BLOW: Make no mistake: A significant portion of Republican voters have done exactly what Biden has tried to exempt them from having done. A Public Religion Research Institute poll published in November found that nearly a third of Republicans agreed with the statement “Because things have gotten so far off track, true American patriots may have to resort to violence in order to save our country.”
Also, a later poll found that a quarter of Republicans were adherents of the internet conspiracy theory QAnon and believe that “there is a storm coming soon that will sweep away the elites in power and restore the rightful leaders” and that “a group of Satan-worshiping pedophiles who run a global child sex-trafficking operation” control America’s government, media and financial system.
As PolitiFact noted in June, citing a number of polls, roughly 70 percent of Republicans don’t see Biden as the legitimate winner of the presidency.
Consider Blow by the numbers! If "a quarter of Republicans" are adherents of QAnon, doesn't that mean that three quarters are not?
(Fuller disclosure: In the survey to which Blow referred, nine percent of Democrats also qualified as QAnon adherents.)
Seventy percent of Republicans don’t see Biden as the legitimate winner? Truly, that's a shocking number—but doesn't that mean that 30 percent of Others agree that Biden won?
If a third of Republicans agree with the statement about resorting to violence, doesn't that mean that two-thirds don't? That's one of the ways such numbers strike us, but it isn't that way for Blow.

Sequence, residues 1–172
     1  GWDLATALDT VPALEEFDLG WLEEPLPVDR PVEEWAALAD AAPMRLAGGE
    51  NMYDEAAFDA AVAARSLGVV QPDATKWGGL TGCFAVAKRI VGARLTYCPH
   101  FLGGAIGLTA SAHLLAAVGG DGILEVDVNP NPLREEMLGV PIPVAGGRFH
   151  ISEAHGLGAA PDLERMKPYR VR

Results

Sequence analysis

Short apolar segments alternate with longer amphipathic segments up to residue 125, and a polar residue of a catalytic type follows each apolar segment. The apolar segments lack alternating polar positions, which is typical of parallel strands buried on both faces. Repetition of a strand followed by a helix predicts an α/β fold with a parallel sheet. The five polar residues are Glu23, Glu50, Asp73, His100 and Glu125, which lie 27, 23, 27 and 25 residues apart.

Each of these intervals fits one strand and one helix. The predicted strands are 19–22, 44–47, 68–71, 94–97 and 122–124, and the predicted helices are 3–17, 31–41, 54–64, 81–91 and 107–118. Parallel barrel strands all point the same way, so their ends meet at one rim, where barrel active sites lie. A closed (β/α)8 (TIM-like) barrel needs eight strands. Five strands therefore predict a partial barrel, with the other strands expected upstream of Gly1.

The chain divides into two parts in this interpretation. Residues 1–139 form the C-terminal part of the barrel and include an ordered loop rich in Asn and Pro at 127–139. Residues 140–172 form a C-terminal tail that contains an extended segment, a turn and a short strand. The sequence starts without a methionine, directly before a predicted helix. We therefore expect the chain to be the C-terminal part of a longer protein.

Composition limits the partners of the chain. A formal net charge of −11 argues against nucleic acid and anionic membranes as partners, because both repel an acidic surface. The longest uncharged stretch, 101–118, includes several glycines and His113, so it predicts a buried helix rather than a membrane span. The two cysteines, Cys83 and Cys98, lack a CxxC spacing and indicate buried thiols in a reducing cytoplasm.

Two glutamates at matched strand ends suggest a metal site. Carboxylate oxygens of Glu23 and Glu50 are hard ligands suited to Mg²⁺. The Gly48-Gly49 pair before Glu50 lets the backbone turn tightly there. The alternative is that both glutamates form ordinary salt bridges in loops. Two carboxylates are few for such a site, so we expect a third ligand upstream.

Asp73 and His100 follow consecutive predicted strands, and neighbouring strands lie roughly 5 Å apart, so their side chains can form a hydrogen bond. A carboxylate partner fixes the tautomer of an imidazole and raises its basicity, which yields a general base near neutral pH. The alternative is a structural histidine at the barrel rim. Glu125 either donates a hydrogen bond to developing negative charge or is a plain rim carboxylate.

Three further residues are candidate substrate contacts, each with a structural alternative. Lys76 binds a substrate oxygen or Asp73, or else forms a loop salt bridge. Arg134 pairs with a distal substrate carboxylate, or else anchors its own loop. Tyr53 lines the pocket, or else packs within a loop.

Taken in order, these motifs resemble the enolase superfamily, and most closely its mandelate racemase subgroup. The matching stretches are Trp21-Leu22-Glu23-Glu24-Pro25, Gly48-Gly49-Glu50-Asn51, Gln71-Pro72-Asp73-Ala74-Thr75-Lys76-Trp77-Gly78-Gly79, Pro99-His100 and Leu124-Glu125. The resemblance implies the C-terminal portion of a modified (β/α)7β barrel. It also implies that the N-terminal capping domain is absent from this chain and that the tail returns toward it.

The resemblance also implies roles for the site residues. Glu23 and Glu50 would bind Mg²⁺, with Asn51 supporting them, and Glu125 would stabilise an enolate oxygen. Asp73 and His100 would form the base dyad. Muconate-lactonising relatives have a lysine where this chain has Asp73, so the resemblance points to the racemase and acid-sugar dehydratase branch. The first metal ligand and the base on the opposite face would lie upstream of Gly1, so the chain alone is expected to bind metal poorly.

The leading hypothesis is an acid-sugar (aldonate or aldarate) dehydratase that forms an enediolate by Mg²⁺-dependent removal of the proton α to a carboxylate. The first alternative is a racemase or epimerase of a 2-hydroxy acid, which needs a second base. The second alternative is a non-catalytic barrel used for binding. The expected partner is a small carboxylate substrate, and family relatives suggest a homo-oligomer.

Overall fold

Blow rolls with the numbers like this: "A significant portion of Republican voters have done exactly what Biden has tried to exempt them from having done."
That representation of Biden's statement is semi-bungled. But if a significant portion of Republican voters have behaved in the ways Biden denounced, doesn't that suggest that another "significant portion" haven't? And isn't that more or less what Biden said?
Blow was working by the numbers in a largely irrational way. According to Blow, many Republicans had behaved certain ways, so we should condemn all.
Of course, that's the way these assessments have always gone, given the way we humans are wired. The Others will always look just alike—or so they will look to Us.
Near the end of his column, Blow quoted Hillary Clinton's unfortunate remark from 2016.
"She was absolutely right," Blow said. "She may have even understated the number."
With that remark, Blow helped us see one of the ways we humans are wired to behave:
People like Blow are confident in their assessments concerning who is "deplorable / racist / irredeemable." And if some of the Others are deplorable, that means that all Others are!
Throughout his column, Blow had been working the numbers in a rather strange way. He kept posting statistics which said that some Republicans were guilty of the crimes he alleged—and on that basis, he kept insisting that Biden should have denounced them all:
"No person who voted for Trump or supports him now is above being named and shamed," Blow wrote at the end of his essay. In this way, the columnist was "killing the pig," tens of millions of pigs at a time.
If you voted for Trump but don't support him now, you should be blamed and shamed too! Let's forget about any attempt to peel such voters away from the GOP column.
In our current "democratized" situation, a truly amazing number of Others believe the craziest things. To Us, such facts mean that all the Others qualify as deplorable racists.
Which of these tribes is behaving more poorly? More and more and more and more, we find it hard to say—but you really can't run a large modern nation this way.
Has our nation, such as it was, already ceased to exist? Watching these warring tribes in action, we're inclined to suspect that it has!
Tomorrow: Why Biden had to say what he did. What Biden could have said.